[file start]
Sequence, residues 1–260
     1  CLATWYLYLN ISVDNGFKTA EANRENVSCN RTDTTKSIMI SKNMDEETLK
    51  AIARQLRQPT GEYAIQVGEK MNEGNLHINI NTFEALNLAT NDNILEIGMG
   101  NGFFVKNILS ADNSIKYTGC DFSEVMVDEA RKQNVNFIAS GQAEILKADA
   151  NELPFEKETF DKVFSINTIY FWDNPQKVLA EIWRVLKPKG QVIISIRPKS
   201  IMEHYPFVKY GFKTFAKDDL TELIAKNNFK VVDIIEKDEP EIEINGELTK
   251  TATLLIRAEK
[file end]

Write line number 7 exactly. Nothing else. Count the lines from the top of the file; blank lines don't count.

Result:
   251  TATLLIRAEK